• Within two minutes without blood flow (due to heart stoppage or blood vessel occlusion) neurons lack the energy to power the sodium/potassium pump. (benbest.com)
  • To overcome these pharmacological limitations, we explored the consequences of deleting the A 2A adenosine receptor on brain damage after transient focal ischemia. (jneurosci.org)
  • These data demonstrate that the protective effects of MMP-9 gene knock-out after transient focal ischemia may be mediated by reduced proteolytic degradation of critical blood-brain barrier and white matter components. (jneurosci.org)
  • A new model for establishing a successful and consistent arterial recirculation has been devised following middle cerebral artery (MCA) occlusion in the rat. (thejns.org)
  • The Role of Blood-Brain Barrier Damage in the Pathogenesis of Contrast-Induced Encephalopathy. (alliedacademies.org)
  • This volume is a compilation of papers presented at the Eighth International Symposium on Brain Edema held on June 17-20, 1990 in Bern, Switzerland. (springer.com)
  • CTP parameters were generally lower in patients with malignant brain infarct (MBI) group compared to the nonMBI group. (surgicalneurologyint.com)
  • Search for predictors of MHI with malignant edema was performed in PubMed and Cochrane data base. (bvsalud.org)
  • Study of local cerebral blood flow using carbon-14 ( 14 C)-iodoantipyrine, of cerebrovascular permeability using 14 C-aminoisobutyric acid, and of brain-water content using the microgravimetric technique was performed upon recirculation following various periods of occlusion and compared with the results in permanent ischemia. (thejns.org)
  • Moreover, in the t-MCA occlusion model, delayed administration of BHB started at 1 h after the initiation of the MCA occlusion also significantly reduced cerebral infarct area. (nii.ac.jp)
  • Simplifying the use of prognostic information in traumatic brain injury. (thejns.org)
  • Glasgow Coma Scale (GCS) scores and pupil responses are key indicators of the severity of traumatic brain damage. (thejns.org)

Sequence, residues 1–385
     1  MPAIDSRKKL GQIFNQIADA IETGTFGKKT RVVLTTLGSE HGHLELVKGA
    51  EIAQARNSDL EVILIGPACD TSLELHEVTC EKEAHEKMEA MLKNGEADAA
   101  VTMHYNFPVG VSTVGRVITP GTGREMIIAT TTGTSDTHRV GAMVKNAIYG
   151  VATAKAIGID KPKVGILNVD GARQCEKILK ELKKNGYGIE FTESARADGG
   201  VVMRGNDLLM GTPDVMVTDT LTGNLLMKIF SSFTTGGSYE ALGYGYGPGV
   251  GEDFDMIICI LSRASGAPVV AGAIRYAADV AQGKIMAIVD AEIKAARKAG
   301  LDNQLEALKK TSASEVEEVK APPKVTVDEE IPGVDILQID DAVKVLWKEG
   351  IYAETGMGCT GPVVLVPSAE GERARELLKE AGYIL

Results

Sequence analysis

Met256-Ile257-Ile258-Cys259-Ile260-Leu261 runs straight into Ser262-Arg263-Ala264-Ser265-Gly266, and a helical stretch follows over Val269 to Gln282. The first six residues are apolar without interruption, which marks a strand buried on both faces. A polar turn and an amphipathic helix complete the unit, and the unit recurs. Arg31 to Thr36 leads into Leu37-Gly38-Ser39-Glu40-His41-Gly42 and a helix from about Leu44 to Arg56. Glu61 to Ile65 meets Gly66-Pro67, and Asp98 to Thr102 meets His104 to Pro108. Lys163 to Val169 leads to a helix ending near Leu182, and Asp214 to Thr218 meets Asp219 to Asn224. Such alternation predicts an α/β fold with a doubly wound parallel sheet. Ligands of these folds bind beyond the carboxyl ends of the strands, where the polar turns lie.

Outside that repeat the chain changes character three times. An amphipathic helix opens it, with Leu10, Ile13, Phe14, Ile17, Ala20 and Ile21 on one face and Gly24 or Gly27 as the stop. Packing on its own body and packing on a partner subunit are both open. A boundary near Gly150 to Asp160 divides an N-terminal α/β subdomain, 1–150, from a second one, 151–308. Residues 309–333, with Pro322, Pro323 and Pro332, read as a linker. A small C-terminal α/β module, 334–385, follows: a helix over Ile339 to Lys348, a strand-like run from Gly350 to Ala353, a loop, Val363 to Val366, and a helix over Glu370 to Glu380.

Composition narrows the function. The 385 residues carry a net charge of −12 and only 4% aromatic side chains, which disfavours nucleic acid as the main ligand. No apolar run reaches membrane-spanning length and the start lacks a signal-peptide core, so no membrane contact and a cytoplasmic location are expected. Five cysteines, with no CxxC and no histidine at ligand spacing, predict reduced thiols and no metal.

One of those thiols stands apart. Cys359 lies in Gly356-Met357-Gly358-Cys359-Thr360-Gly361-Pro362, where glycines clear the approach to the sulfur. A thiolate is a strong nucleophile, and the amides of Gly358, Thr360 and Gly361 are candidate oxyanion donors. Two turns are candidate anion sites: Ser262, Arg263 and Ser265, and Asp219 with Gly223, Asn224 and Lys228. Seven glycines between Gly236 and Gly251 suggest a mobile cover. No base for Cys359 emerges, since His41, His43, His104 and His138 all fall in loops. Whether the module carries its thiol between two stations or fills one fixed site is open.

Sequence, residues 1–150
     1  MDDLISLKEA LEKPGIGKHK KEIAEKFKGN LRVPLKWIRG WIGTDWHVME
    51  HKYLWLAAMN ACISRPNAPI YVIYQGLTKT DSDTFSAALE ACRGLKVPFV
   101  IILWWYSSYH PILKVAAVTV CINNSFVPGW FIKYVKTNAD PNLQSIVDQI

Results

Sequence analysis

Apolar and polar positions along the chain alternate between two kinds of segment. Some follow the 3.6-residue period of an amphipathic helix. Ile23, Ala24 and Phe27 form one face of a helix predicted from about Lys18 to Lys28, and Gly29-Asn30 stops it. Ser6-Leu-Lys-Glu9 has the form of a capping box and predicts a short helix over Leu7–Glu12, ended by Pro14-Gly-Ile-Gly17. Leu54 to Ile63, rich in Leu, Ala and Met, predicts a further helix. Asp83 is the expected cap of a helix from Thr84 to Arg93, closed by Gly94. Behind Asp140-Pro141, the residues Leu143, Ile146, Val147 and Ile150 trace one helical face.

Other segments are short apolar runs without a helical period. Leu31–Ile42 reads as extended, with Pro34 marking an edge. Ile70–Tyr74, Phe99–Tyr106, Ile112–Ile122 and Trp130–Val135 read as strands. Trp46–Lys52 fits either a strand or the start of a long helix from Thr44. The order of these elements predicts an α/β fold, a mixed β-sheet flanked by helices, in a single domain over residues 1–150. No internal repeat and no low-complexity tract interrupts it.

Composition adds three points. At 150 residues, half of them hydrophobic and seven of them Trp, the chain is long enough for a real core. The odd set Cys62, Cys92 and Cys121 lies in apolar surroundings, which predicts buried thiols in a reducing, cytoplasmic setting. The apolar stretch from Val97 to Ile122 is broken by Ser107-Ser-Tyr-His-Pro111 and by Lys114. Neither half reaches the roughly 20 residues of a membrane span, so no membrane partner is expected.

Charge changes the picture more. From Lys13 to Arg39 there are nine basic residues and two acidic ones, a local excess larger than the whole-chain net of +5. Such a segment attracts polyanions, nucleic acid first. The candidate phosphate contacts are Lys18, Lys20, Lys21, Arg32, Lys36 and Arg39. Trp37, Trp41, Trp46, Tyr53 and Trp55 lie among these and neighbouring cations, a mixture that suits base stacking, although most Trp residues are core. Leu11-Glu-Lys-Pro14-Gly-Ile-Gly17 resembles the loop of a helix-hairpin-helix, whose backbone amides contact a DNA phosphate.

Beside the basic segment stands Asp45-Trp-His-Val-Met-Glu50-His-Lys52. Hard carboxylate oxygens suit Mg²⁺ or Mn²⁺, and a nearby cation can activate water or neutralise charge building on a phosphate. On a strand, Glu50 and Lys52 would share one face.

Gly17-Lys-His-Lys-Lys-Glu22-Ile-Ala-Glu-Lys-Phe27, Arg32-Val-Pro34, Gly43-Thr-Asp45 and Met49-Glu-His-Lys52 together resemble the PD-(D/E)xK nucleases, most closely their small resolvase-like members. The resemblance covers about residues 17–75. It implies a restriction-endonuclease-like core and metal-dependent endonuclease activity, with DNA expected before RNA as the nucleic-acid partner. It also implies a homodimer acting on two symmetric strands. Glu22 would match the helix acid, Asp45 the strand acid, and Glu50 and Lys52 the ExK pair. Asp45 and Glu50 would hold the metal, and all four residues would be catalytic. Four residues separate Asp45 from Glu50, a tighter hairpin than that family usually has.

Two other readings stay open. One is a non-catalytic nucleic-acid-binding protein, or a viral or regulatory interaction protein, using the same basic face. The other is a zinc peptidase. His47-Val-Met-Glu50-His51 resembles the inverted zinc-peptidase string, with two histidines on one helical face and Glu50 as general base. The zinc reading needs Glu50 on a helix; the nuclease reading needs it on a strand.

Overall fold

• Arundine M, Tymianski M (2004) Molecular mechanisms of glutamate-dependent neurodegeneration in ischemia and traumatic brain injury. (springer.com)
  • During pathological conditions, for example, cerebral ischemia, traumatic brain injury, or SAH, AVP is elevated in the plasma and cerebrospinal fluid of affected patients 7 - 9 and V 1 receptors were found to be overexpressed in an experimental model of traumatic brain injury. (ahajournals.org)
  • 10 Pharmacological blockage of V 1 receptors resulted in a significantly improved functional outcome and reduced brain damage in animal models of cerebral ischemia and traumatic brain injury. (ahajournals.org)
  • Pathophysiology and treatment of cerebral edema in traumatic brain injury. (springer.com)
  • Cerebral edema in traumatic brain injury: pathophysiology and prospective therapeutic targets. (springer.com)
  • The role of hypoxia-inducible factor-1alpha, aquaporin-4, and matrix metalloproteinase-9 in blood-brain barrier disruption and brain edema after traumatic brain injury. (springer.com)
  • We recently showed that matrix metalloproteinase-9 (MMP-9) knock-out mice were protected against ischemic and traumatic brain injury. (jneurosci.org)
  • A 51-year-old man who was a victim of traumatic brain injury underwent emergency clot removal and decompression craniectomy. (neurosurgery.directory)
  • Secondarily, it was also investigated that the brain edema formation and the induction of hsp70 and c-fos mRNA following traumatic injury using nonTg mice, and heterozygous and homozygous Tg mice (1.5,3.1, and 5.0 fold increased SOD activityies. (nii.ac.jp)
  • From these results, the increase of SOD activity could be toxic by generating hydroxyl radicals under the special circumstance although SOD has a strong brain protective effect against the ischemic and traumatic insult in vivo. (nii.ac.jp)
  • CTA is highly accurate in detecting large- vessel stenosis and occlusions, which account for approximately one third of ischemic strokes. (medscape.com)
  • Compared to permanent occlusion, which mimic only a minority of human strokes where there is no recanalization, transient models better correlate with conditions such as therapy-induced thrombolysis, spontaneous thrombolysis, and transient ischemic attack. (biomedcentral.com)